The scope of such restrictions was made clear by the Supreme Court in Shreya Singhal v. Union of India (2015), which held that a law restricting free speech could not pass muster merely by virtue of being in the ‘public interest’, but instead, such restrictions had to be covered by one of the eight subject matters listed in Article 19(2). On this ground, Section 66A of the IT Act – which criminalised the intentional publication (by anyone) of information that caused annoyance, inconvenience, or insult – was struck down as unconstitutional. Thus, it is untenable that news publishers be required to redress every annoyance, inconvenience or insult that their reporting may cause.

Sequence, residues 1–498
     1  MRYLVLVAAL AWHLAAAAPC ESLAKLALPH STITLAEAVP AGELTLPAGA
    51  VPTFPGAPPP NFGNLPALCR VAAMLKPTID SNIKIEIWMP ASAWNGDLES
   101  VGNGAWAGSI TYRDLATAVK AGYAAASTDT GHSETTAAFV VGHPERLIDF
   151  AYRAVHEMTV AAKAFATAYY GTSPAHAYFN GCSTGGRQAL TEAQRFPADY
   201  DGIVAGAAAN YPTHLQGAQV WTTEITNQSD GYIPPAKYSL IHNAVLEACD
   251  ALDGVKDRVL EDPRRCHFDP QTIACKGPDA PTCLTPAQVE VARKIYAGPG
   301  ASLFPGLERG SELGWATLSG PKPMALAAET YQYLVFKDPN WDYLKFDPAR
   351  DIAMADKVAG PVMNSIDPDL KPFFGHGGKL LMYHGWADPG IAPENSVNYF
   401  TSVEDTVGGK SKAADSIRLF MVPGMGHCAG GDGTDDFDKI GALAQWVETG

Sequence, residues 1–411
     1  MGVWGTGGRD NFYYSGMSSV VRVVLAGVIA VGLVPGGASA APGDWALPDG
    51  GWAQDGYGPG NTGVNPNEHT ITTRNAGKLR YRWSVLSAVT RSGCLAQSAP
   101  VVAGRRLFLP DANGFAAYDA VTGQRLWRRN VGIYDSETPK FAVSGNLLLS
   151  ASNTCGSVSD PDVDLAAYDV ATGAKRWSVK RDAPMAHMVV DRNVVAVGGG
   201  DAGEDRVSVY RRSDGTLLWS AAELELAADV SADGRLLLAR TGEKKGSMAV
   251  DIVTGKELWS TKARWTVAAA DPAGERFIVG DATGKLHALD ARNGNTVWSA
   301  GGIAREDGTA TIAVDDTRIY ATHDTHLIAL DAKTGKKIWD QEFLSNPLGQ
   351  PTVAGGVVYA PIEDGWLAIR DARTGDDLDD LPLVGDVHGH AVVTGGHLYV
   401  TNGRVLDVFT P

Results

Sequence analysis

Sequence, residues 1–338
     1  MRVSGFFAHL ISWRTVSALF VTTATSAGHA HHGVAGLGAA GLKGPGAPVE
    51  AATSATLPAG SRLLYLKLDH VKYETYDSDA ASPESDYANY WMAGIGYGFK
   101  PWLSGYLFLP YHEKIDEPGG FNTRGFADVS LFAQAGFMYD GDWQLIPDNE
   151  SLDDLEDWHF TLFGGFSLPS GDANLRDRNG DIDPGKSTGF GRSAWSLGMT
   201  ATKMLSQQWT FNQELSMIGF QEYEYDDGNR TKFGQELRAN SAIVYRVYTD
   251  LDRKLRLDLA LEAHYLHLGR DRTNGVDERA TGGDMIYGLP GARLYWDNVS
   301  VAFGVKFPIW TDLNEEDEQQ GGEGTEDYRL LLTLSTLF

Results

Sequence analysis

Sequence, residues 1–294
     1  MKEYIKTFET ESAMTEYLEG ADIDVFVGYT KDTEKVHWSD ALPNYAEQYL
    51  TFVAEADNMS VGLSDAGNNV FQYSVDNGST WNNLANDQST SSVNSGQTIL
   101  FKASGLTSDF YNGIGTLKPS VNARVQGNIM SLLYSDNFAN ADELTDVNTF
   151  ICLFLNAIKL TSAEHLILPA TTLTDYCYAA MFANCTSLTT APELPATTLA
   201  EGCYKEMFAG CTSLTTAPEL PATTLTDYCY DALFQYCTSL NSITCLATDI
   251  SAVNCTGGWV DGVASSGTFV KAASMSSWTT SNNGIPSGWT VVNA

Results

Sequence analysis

There are those in government who have scoffed at the fact that grievance redressal is a Sisyphean burden for media houses; yet politicians are the last people to understand the economics involved in such an obligation, given that they are not subjected to grievance redressal commitments and voters have no consumer rights. The burden of grievance redressal is unaffordable for a majority of media houses in India. Several small online publications are considering winding down their operations, being unable to afford the infrastructure and personnel required.
Moreover, it is a fact that many ideological outfits have set up IT cells and legal teams dedicated to filing large volumes of criminal complaints against the editors of publications putting out news they disagree with. What happened to the TV show Tandav is a case in point:
Breaking: Via an RTI filed with @MIB_India, we obtained 112 pages of complaints filed against Tandav. Sent 40 days before the IT Rules came into force, they triggered OTT censorship in India. Our policy analysis of grave implications on free speech.